Find all School-related info fast with the new School-Specific MBA Forum

It is currently 18 Dec 2014, 06:31

Close

GMAT Club Daily Prep

Thank you for using the timer - this advanced tool can estimate your performance and suggest more practice questions. We have subscribed you to Daily Prep Questions via email.

Customized
for You

we will pick new questions that match your level based on your Timer History

Track
Your Progress

every week, we’ll send you an estimated GMAT score based on your performance

Practice
Pays

we will pick new questions that match your level based on your Timer History

Not interested in getting valuable practice questions and articles delivered to your email? No problem, unsubscribe here.

Events & Promotions

Events & Promotions in June
Open Detailed Calendar

Set A, B, C have some elements in common. If 16 elements are in both A

  Question banks Downloads My Bookmarks Reviews Important topics  
Author Message
TAGS:
Manager
Manager
avatar
Joined: 31 Mar 2006
Posts: 164
Followers: 1

Kudos [?]: 9 [0], given: 0

Set A, B, C have some elements in common. If 16 elements are in both A [#permalink] New post 27 Jun 2006, 02:53
00:00
A
B
C
D
E

Difficulty:

  95% (hard)

Question Stats:

31% (02:29) correct 69% (00:55) wrong based on 29 sessions
Set A, B, C have some elements in common. If 16 elements are in both A and B, 17 elements are in both A and C, and 18 elements are in both B and C, how many elements do all three of the sets A, B, and C have in common?

(1) Of the 16 elements that are in both A and B, 9 elements are also in C
(2) A has 25 elements, B has 30 elements, and C has 35 elements.

[color=#ff0000][b]OPEN DISCUSSION OF THIS QUESTION IS HERE: set-a-b-c-have-some-elements-in-common-if-16-elements-are-112041.html[/b][/color]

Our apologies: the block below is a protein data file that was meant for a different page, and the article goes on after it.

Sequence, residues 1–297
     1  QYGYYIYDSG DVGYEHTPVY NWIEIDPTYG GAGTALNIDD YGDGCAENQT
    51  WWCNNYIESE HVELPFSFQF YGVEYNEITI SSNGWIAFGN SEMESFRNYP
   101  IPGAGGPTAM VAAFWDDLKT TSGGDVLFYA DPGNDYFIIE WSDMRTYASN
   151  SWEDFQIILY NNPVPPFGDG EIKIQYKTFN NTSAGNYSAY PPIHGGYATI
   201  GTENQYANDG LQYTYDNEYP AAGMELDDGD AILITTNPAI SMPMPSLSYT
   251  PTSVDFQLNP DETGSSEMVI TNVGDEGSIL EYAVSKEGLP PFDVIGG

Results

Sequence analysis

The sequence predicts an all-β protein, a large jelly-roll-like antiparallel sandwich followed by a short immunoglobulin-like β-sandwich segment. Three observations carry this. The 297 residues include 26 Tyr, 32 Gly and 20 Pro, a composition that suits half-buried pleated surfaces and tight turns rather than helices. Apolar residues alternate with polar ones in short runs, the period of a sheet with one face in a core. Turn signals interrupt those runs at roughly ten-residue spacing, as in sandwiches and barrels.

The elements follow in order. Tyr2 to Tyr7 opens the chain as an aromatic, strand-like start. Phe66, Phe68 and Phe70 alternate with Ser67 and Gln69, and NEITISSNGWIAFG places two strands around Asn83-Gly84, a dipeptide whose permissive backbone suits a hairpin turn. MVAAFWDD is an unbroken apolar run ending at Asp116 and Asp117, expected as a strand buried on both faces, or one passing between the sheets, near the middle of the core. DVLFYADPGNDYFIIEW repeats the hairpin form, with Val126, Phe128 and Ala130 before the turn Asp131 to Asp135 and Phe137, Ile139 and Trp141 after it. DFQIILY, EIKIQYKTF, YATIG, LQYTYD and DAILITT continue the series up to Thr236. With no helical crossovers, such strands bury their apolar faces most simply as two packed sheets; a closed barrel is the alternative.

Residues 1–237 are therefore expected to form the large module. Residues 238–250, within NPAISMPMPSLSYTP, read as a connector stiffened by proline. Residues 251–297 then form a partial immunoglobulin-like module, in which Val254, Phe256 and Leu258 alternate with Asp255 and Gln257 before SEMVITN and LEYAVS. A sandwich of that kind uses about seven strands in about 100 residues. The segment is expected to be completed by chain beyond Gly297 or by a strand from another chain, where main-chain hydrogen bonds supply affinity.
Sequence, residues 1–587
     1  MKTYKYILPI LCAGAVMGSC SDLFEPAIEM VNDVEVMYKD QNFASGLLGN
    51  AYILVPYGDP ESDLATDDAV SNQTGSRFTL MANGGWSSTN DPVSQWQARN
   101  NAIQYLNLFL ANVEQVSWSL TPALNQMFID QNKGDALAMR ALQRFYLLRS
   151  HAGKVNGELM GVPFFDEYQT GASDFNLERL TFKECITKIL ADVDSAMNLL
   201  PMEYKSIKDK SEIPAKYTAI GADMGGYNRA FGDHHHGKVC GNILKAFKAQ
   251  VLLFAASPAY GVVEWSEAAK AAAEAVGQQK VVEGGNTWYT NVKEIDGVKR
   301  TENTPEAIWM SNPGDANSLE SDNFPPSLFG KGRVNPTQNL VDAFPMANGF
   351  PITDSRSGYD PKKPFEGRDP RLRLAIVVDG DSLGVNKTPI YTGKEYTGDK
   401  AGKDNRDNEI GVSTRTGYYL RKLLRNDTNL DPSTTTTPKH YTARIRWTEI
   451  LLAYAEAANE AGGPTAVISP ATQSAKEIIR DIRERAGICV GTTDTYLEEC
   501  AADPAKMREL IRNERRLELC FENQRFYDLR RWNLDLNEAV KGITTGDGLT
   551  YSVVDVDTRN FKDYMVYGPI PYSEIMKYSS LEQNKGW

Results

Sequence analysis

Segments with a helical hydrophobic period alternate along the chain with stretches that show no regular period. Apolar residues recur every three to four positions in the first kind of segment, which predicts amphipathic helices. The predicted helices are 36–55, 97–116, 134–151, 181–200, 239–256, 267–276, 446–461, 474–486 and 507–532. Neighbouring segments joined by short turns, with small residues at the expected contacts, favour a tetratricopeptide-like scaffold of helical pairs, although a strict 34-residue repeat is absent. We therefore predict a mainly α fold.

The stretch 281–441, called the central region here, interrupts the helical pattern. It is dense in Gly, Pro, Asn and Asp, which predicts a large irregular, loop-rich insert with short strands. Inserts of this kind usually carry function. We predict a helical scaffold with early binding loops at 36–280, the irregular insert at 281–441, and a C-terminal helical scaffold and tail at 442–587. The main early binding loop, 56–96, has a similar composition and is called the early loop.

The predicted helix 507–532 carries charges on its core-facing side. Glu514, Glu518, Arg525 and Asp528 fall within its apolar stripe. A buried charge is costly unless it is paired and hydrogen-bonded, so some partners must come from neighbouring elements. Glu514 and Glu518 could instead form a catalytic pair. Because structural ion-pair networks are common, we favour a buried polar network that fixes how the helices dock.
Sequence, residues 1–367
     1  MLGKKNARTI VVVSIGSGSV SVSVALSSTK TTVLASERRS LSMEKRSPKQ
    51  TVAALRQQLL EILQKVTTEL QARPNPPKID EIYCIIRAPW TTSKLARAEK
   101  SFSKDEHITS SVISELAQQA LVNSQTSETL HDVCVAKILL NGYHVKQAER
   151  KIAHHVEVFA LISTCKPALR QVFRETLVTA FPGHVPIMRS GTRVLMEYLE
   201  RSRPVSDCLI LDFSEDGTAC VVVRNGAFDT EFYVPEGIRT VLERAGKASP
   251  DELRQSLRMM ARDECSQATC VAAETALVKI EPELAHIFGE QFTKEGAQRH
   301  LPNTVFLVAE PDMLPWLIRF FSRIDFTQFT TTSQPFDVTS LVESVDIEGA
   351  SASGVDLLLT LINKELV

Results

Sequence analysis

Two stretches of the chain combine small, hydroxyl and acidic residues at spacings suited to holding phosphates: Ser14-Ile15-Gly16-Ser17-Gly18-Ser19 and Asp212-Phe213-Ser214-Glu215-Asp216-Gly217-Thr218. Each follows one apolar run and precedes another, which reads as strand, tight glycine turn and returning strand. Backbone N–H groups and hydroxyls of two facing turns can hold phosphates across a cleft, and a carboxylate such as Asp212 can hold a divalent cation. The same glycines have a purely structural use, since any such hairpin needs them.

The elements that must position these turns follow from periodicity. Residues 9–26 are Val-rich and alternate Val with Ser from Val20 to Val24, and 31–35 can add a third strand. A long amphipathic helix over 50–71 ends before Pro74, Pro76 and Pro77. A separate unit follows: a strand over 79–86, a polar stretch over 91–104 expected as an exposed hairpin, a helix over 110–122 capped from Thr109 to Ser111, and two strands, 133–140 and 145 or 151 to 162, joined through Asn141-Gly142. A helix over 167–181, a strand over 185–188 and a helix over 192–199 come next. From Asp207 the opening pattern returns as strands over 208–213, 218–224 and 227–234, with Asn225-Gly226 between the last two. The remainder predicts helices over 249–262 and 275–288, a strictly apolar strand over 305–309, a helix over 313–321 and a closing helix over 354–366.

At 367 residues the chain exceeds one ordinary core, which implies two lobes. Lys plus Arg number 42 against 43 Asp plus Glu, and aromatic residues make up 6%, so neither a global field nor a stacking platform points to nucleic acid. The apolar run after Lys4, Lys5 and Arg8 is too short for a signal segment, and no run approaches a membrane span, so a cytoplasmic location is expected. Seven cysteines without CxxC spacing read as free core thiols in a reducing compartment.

[Reveal] Spoiler: OA

Last edited by Bunuel on 10 Dec 2014, 06:08, edited 1 time in total.
Renamed the topic, edited the question, added the OA and moved to DS forum.
Kaplan Promo CodeKnewton GMAT Discount CodesVeritas Prep GMAT Discount Codes
Senior Manager
Senior Manager
User avatar
Joined: 07 Jul 2005
Posts: 406
Location: Sunnyvale, CA
Followers: 2

Kudos [?]: 3 [0], given: 0

Re: Set A, B, C have some elements in common. If 16 elements are in both A [#permalink] New post 27 Jun 2006, 08:17
amansingla4 wrote:
Sets A,B and C have some elements in common.If 16 elements are in both A&B,17 in A&C ,18 elements are in B&C, how many elements do all the three A,B,C have in common?
1) Of the 16 elements in A&B,9 are in C.
2) A has 25 elements,B has 30 and c has 35 elements

Please explain.


(A) it is.
I implies 9 elements are common between A, B, C
For II, we still need the total # of elements..
This is what I could deduce from the venn diagram
Total = A + B + C - AB - BC - CA - 2ABC
We have everything but Total and ABC.
Cannot calculate ABC without knowing hte total.
Director
Director
User avatar
Joined: 06 May 2006
Posts: 782
Followers: 3

Kudos [?]: 15 [0], given: 0

Re: Set A, B, C have some elements in common. If 16 elements are in both A [#permalink] New post 27 Jun 2006, 12:05
shampoo wrote:
Lets slightly change the statement; what if we were given the total # of elements?
Then the ans would be D right?